Its been a big couple of days for us. Firstly Ed and I took a bus one hour north to an area called Sai Yok to rendevous with my sister Lisa, her husband Steven and my nephews Max and Alec. Originally Ed and I would have reached Thailand after they had finished their holiday so it was brilliant that we changed our plans which allowed us to meet up eith the family in the this quiet little part of the world.
The reason that we were in the particular corner of Thailand is very important. This area is the site of the Burma-Thai railway a railway line that was built by the Japanese during WWII using Australian, British and Dutch prisoners of war as labour. My Uncle John was unlucky to be one of these prisoners of war and for 3 and half years suffered starvation, 16 hour work days and brutality at the hands of the Japanese. Over 100,000 people died building this railway including the poor local labourers who were coerced into working on the line too. Diseases like Cholera, Malaria and Dysentry stalked the prisoners as they laboured through mountains of sheer rock with only hand held tools, wearing little clothing, bare feet. If you got sick, you still had to work, if you were too sick to work you didn't get fed.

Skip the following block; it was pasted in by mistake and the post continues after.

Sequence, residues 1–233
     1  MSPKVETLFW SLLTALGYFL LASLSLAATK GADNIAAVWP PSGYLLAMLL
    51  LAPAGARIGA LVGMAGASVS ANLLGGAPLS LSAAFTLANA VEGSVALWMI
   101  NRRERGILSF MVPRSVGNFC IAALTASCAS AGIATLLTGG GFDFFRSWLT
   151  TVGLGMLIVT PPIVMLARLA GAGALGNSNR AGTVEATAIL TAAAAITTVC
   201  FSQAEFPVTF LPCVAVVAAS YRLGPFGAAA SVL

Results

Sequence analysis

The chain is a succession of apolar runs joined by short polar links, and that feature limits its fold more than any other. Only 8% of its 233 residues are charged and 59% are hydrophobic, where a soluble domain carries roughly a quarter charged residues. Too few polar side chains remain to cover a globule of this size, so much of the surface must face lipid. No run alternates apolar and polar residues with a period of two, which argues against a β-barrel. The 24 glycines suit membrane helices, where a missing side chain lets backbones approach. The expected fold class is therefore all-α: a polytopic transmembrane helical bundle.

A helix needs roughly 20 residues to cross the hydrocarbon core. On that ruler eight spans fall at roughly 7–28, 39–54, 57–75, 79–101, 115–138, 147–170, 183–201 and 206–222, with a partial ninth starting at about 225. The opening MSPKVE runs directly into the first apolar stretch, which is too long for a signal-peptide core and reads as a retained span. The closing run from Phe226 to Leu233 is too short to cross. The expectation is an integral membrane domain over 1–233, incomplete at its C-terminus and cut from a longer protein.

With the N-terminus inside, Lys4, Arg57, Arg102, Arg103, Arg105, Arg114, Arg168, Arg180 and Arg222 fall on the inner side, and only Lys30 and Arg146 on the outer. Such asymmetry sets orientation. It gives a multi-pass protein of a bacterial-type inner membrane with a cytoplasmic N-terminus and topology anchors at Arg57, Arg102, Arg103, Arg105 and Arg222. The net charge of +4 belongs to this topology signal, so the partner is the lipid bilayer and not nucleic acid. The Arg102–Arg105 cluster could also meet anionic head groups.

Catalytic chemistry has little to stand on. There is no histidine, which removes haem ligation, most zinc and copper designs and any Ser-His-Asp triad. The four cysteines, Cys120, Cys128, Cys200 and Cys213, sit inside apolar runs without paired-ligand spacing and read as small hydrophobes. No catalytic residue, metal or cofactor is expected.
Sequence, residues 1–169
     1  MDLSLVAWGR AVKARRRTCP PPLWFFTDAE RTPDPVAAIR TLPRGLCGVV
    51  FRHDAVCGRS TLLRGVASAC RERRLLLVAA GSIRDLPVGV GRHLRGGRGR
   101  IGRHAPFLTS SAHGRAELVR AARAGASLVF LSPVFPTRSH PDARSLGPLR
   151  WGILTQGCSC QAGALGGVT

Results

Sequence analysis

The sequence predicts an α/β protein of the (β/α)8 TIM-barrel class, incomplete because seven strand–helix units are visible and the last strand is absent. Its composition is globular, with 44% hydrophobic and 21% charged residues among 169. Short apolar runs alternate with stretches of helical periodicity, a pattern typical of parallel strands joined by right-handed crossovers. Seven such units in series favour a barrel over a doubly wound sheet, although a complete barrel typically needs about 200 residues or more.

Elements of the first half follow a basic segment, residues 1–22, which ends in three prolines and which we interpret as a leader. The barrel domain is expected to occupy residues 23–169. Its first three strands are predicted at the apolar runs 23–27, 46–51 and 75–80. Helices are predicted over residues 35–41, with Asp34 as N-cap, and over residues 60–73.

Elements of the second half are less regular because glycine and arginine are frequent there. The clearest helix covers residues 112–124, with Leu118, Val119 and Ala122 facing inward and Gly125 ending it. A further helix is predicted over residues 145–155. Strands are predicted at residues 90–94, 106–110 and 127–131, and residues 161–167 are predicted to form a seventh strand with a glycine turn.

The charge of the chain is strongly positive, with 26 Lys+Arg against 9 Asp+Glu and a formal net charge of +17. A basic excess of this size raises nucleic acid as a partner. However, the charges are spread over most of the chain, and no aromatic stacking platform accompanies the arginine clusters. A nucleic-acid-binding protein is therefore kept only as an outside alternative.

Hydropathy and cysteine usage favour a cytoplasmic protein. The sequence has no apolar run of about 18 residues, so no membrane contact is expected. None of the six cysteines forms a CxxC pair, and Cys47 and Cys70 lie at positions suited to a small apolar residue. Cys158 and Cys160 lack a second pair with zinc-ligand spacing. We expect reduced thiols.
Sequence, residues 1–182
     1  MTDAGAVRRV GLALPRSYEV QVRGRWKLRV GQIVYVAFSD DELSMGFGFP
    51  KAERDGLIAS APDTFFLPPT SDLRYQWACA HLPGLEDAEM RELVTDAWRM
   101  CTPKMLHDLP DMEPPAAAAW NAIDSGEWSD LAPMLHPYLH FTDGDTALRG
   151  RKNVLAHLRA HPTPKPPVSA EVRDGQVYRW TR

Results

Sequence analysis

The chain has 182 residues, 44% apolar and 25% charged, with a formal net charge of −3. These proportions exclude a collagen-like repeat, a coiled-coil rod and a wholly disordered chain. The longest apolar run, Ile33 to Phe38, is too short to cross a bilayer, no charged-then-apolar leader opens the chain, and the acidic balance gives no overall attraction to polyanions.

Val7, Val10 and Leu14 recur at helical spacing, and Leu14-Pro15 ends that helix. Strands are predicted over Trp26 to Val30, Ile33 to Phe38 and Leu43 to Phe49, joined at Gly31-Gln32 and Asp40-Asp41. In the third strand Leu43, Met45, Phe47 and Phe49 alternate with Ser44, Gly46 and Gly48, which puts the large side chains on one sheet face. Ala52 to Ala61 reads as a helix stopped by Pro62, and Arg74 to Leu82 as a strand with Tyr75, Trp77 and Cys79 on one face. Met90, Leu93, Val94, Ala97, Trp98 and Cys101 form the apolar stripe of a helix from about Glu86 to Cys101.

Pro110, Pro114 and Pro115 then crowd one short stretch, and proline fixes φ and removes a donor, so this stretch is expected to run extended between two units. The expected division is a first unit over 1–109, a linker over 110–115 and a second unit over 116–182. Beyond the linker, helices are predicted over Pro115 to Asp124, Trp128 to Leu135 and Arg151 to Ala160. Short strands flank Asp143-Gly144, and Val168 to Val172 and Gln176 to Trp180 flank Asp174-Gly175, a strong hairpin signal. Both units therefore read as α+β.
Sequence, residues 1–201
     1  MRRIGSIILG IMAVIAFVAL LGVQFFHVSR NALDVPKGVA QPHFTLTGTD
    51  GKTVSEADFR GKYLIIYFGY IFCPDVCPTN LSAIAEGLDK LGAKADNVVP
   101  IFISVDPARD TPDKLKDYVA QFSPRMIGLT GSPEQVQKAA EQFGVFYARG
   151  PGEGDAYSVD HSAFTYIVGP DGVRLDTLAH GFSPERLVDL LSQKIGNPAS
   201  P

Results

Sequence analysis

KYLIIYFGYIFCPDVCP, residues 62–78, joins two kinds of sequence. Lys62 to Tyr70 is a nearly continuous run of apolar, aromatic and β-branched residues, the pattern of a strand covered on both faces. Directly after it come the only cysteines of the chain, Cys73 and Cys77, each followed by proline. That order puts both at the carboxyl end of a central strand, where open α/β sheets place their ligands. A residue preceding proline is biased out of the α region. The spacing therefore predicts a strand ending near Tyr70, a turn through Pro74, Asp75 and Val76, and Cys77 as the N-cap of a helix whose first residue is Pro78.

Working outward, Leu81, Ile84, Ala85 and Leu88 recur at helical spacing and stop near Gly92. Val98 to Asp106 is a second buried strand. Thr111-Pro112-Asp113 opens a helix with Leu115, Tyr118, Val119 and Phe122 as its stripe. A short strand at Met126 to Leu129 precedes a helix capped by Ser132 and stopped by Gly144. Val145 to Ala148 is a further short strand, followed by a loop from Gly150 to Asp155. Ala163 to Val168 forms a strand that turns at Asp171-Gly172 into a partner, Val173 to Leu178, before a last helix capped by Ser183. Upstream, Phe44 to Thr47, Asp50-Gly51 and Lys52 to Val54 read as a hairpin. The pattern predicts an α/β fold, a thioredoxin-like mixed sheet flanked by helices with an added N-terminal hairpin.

Uncle John was stationed at the most notorious part of the railway, Hellfire Pass. This area is now a memorial to the POW's who suffered there and it is quite an amazing place. It is hard to believe such a tranquil and beautiful place was the site of so much pain. Though the sheer scale and density of the rock they had to cut through virtually with their bare hands is there for all to see. I tried to walk through the pass barefoot to see what it must have been like, within seconds rocks were cutting into my feet - I can't even imagine how people survived. But the good news is that my Uncle John DID survive, came home, married my Auntie and became my very favourite uncle.